13 weeks

Today I am 13 weeks pregnant.  I thought it might be fun to start documenting what’s going on each week.  I’ll try to use the same format each week.  I will also try to include pictures – I actually have a little bump going already!

What’s new with the babies: The babies are 3 inches head to tush.  If we’re having a girl or girls, she already has 2 million eggs in her ovaries.  The babies now have finger prints.

How I feel: Great, but tired.  I still have some weird aversions to herbs and spicy foods, which is killing Frank.  I haven’t gained any weight, but I definitely have a bump starting.  It’s especially noticeable when I lie down.  Frank likes to talk to the babies, usually just saying, “Helllllloooo???”

Other thoughts: It’s still very surreal to me that I’m pregnant.  I go through waves of acceptance and disbelief.  Most of the time I am able to say, “OK, I am pregnant, this is really going to happen for us!”  But then there are times where it’s just more than my little brain can fathom.

Our experiences with fertility treatments has made me abundantly aware of the fact that life is fragile.  I know far too many women who have lost babies at various stages of their pregnancy, even well into the “safe” period.  I don’t take for granted the fact that we are 13 weeks along. I treasure that we have seen our babies on five separate occasions and they were always developmentally where they should be (or measuring big… which is another post for another day).  I love that Baby A was super active, propelling himself (or herself) across the sac, flipping over and sucking his thumb.  I love that Baby B was chill – stretching out, waving his arms over his head and relaxing.  I hope these sweet babies keep growing and thriving – we are looking forward to meeting them in person in less than 6 months!

from the history books: enchanted

Last night I watched Enchanted, one of my favorite movies to watch.  It’s one of those movies that when it’s on, I can’t help myself.  The movie reminds me a lot of Frank.  No, it’s not because Frank channels Patrick Dempsy with his dashing good looks and pragmatic approach to life.  Nor is it because Frank often introduces me the way Prince Edward introduces Giselle – “Giselle is my love, my heart’s one true desire!”

Enchanted reminds me of a truly K-Fam Thanksgiving experience.  Back in November 2007 Frank was a jet Captain on the Dornier at the now defunct Skyway Airlines.  As per usual, Frank was at the bottom of the seniority list, meaning that he was working holidays.  I decided that I would accompany him over Thanksgiving on his trips so that we could spend Thanksgiving together.  On Wednesday night before Thanksgiving, we went to Cleveland. Skyway actually put the pilots up in a somewhat decent hotel which was close to a very nice mall.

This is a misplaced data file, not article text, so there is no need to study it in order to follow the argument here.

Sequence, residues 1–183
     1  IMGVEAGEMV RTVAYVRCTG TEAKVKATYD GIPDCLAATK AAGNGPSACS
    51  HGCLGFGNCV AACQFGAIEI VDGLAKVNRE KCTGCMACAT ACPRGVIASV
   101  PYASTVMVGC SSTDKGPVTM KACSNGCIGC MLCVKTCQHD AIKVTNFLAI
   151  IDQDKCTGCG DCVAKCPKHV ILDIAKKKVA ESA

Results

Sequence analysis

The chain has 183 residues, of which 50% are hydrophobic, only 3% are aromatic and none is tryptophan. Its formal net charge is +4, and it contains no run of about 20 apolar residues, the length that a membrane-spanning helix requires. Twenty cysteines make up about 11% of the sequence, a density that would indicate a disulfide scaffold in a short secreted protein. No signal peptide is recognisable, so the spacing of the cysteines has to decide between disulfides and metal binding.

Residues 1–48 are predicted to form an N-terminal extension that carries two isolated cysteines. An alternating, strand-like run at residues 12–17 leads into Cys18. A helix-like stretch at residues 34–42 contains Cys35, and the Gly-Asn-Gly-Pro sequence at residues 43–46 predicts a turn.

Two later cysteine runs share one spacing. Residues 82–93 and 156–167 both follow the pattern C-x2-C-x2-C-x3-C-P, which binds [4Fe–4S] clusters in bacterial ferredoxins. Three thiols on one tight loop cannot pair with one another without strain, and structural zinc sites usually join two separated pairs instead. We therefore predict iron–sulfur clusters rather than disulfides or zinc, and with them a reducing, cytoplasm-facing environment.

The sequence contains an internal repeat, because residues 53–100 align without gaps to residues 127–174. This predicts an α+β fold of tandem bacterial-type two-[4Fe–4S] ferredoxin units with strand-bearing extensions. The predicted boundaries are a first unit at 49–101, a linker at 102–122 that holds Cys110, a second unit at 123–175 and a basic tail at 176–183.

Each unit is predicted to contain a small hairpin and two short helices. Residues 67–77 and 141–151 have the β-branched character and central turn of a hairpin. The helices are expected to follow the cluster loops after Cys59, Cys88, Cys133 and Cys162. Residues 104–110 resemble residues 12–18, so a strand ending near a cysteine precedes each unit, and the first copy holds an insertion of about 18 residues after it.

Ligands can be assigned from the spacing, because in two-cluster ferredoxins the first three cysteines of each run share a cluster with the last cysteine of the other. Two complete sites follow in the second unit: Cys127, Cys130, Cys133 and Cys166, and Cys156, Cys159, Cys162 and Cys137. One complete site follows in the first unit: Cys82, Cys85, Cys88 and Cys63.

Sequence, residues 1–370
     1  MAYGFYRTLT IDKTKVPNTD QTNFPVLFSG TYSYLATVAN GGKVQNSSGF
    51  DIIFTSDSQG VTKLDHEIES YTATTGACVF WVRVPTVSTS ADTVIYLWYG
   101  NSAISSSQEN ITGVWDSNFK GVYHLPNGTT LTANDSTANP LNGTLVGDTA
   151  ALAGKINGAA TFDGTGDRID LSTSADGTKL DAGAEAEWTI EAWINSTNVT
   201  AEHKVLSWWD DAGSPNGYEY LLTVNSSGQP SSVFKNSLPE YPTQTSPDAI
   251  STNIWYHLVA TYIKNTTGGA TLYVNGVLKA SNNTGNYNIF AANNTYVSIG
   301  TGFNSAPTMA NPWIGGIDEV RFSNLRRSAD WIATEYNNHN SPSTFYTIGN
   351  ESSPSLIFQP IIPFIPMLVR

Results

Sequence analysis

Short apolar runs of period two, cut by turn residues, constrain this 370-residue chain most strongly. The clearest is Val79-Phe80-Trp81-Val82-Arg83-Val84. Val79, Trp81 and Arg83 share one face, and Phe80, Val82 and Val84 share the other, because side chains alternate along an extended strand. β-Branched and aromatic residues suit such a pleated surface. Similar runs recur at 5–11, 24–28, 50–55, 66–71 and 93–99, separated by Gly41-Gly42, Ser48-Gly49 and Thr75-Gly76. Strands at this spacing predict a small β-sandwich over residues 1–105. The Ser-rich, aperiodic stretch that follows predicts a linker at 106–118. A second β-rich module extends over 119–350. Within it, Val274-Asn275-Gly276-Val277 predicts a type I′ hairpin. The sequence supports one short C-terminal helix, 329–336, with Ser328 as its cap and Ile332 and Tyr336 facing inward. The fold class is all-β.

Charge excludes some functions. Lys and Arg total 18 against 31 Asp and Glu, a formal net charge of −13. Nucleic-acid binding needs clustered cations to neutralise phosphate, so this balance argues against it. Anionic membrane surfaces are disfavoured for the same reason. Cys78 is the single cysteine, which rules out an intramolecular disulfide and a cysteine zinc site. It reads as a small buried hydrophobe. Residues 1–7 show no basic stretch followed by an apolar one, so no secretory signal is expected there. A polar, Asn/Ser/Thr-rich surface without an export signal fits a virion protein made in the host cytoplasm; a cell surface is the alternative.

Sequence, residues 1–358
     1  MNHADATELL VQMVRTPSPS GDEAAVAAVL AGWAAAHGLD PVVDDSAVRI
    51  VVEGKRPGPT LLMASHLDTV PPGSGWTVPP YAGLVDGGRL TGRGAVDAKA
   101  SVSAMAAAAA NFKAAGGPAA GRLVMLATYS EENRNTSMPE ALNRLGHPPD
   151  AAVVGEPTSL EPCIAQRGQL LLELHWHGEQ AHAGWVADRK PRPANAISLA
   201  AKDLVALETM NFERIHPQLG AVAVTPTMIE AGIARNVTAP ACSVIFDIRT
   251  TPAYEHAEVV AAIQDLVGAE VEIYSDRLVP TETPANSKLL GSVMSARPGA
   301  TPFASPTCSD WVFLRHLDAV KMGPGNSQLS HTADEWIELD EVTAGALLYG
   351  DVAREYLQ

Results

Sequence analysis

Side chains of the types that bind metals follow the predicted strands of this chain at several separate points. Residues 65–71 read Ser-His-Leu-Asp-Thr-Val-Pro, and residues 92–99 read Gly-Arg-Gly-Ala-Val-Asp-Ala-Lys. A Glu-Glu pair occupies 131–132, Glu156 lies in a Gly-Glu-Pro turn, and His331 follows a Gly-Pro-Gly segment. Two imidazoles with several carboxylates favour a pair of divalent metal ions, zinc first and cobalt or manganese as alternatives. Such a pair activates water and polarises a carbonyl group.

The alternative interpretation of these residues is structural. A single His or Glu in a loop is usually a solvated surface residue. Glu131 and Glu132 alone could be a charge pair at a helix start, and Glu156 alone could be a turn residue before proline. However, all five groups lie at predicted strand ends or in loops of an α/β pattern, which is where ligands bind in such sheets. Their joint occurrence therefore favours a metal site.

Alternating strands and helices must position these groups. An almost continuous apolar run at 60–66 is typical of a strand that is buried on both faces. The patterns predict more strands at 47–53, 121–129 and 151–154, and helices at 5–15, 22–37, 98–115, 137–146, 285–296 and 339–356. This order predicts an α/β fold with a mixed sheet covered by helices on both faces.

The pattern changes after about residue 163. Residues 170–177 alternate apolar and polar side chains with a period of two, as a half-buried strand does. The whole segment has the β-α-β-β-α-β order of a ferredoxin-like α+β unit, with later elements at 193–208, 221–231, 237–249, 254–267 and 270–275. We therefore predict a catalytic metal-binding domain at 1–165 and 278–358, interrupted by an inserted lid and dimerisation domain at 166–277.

One of Frank’s favorite things to do is walk around a mall. This is surprising because he does NOT like to shop.  He enjoys stopping at stores that have nice smells or kitschy items with limited uses (ie. Brookstone, Spencers).  We walked around the mall for a while and then decided to go see the movie Enchanted. We thoroughly enjoyed the movie.  I remember walking out of the theater holding Frank’s hand, feeling light and free.  We had dinner at the Macaroni Grill and drew fun pictures on the paper table cloth and enjoyed being together.

The next day, Thanksgiving, we flew back to Milwaukee and then up to Appleton.  We stayed at the Raddison Paper Valley in downtown Appleton.  We arrived at the hotel at 2:30 in the afternoon and saw, to our amazement, a huge Thanksgiving buffet set out!  Victory!  We approached the hostess stand, all of our bags in tow, and asked the hostess for details on the buffet.  She told us they were taking it down.  Oh, the looks on our faces!  We pleaded with her – can we just go through once and get some Thanksgiving food – we are far from home and won’t get a real Thanksgiving!  Nope.  She wouldn’t budge.  As we walked by the buffet on the way to our room, we watched them throwing out entire cakes and pies.  Oh, how we wanted to weep right there!

Slightly disheartened, but determined to have a lovely Thanksgiving anyway, we went to the hotel bar, hoping that they may have some Thanksgiving fare.  No such luck.  I think Frank had a hamburger and I had a chicken sandwich.  Regardless of the lack of Thanksgiving themed food, we had a wonderful time watching football in the bar and talking with his First Officer.